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Hey Paul, you need to get out your hi dollar digital projector, hook it up to your computer and set up a big old 10 foot screen in your house and sit back and watch the darn movie and have a beer ! :D:D ROFLMAO !

 

Frank....

The only thing 'high dollar' with me is my bills! :):huh:

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What the heck good is that if you can't play the dvd in standard players? 2 steps forward---1 step back.

Another push by Microsoft/Intel to make the PC an integral part of the home entertainment unit, music,movies... everything on the PC. But that's just my theory. (Even though it is a conspiracy.) :)

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Another push by Microsoft/Intel to make the PC an integral part of the home entertainment unit, music,movies... everything on the PC. But that's just my theory. (Even though it is a conspiracy.) :)

 

I've noticed a pattern - Microsoft-authoried media files won't play on non-Microsoft-authorized music players.

 

Why should Microsoft change now?

 

(The big question will be if Vista is a boom or a thud.)

 

Lynn

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As an upgrade for WinXP, probably a thud. You won't be able to avoid it with a new computer purchase. Like I posted in another thread, I'll be purchasing my next computer just before Vista is released and get a nice Dual Core machine with WinXP cheap. LOL

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Well, I build my own computers, so I guess I better go out and purchase another XP O.S. and keep it so when I build another one I will have it instead of Vista. Of course by them most of the mother boards you buy will have some design that is favorable to the Vista O.S. too.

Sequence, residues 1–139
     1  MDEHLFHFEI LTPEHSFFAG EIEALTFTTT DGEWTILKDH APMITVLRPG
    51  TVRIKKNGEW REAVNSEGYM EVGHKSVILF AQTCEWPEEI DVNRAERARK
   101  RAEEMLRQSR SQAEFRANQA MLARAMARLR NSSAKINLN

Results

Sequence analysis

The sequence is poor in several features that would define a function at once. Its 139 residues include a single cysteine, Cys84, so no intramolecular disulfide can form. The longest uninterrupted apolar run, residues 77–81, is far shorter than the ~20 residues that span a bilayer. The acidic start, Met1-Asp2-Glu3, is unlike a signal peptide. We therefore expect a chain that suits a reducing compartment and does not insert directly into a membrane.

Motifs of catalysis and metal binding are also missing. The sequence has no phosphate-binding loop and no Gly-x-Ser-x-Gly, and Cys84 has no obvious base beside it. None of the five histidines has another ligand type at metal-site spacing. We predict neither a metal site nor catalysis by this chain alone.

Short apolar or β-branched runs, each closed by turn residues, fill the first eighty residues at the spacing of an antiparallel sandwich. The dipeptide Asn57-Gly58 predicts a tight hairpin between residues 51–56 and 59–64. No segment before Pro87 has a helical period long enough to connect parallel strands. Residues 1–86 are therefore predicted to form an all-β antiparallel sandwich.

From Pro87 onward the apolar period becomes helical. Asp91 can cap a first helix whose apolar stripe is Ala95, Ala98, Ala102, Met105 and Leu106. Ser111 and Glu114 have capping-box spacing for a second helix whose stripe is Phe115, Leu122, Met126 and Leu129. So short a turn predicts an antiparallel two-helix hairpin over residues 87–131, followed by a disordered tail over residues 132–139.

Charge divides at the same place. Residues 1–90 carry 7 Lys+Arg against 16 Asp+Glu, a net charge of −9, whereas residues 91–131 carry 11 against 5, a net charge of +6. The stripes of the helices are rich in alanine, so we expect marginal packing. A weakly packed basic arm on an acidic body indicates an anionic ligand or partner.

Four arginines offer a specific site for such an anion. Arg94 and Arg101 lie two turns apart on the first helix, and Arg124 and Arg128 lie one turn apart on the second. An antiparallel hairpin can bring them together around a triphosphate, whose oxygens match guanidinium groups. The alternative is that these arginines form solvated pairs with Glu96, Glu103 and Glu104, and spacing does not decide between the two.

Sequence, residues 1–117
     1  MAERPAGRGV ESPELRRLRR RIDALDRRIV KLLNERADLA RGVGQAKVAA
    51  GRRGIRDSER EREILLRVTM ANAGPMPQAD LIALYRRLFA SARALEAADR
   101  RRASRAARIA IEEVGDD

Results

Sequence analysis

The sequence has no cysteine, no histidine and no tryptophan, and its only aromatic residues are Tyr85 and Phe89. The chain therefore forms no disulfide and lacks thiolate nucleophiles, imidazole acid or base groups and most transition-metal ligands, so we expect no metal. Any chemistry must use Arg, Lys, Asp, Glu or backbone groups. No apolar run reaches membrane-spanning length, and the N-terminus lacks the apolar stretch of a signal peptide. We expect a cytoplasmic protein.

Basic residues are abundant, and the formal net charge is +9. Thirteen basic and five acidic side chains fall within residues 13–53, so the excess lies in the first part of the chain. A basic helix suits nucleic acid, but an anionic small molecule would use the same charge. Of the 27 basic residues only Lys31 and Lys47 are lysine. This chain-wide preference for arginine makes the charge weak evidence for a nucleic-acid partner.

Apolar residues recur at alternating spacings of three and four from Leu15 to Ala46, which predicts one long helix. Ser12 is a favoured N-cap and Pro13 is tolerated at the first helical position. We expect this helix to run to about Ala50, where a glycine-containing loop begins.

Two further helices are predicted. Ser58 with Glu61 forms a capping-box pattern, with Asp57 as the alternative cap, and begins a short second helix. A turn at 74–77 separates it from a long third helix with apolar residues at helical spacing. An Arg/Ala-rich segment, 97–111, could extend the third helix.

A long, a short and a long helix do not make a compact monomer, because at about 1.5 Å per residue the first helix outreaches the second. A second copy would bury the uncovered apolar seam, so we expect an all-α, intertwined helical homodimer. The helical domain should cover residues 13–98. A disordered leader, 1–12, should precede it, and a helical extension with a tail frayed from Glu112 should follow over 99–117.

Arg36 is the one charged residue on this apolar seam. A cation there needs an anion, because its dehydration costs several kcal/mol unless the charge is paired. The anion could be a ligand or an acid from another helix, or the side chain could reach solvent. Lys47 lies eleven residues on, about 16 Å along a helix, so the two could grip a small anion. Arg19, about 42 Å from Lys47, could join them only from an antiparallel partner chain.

Frank....(Of course I've said that before and always ended up buying the new operating system after a period of frustration) :):D:huh:

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Well, I build my own computers, so I guess I better go out and purchase another XP O.S. and keep it so when I build another one I will have it instead of Vista. Of course by them most of the mother boards you buy will have some design that is favorable to the Vista O.S. too.

 

Frank....(Of course I've said that before and always ended up buying the new operating system after a period of frustration) :):D:D

I sense a conspiricy.

 

A friend of mine had Win95, and more and more problems. She eventually got a WinXP (for a while before that, she very generously let her husband use the Win95 :D, while she used her laptop from work - which was WinXP).

 

Now I'm having problems with my Win98 SE - specificly, I've given up after all the "improvements" :huh: on eBay, and once a day I boot the Beast and do eBay - my time there has been reduced by probably 2/3.

 

Lynn

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I'll simply follow the rest of the mindless mucks and sooner or later, get Vista. Personally, I don't care if anyone knows what I'm playing my music on or where I got it. They already know so much about me they're bored to death.

All my movies either are recorded from cable tv, or rented at the store...I don't buy them. Watch 'em once and that's enough. Music I download from either Napster or direct from the artist and they're's always a way around DRM (or there will be).

Still, I am in agreement with the rest of you and your reasons. It's just that I'm tired of dealing with their blocking tactics and in my old age, I give up easy (ask my son!).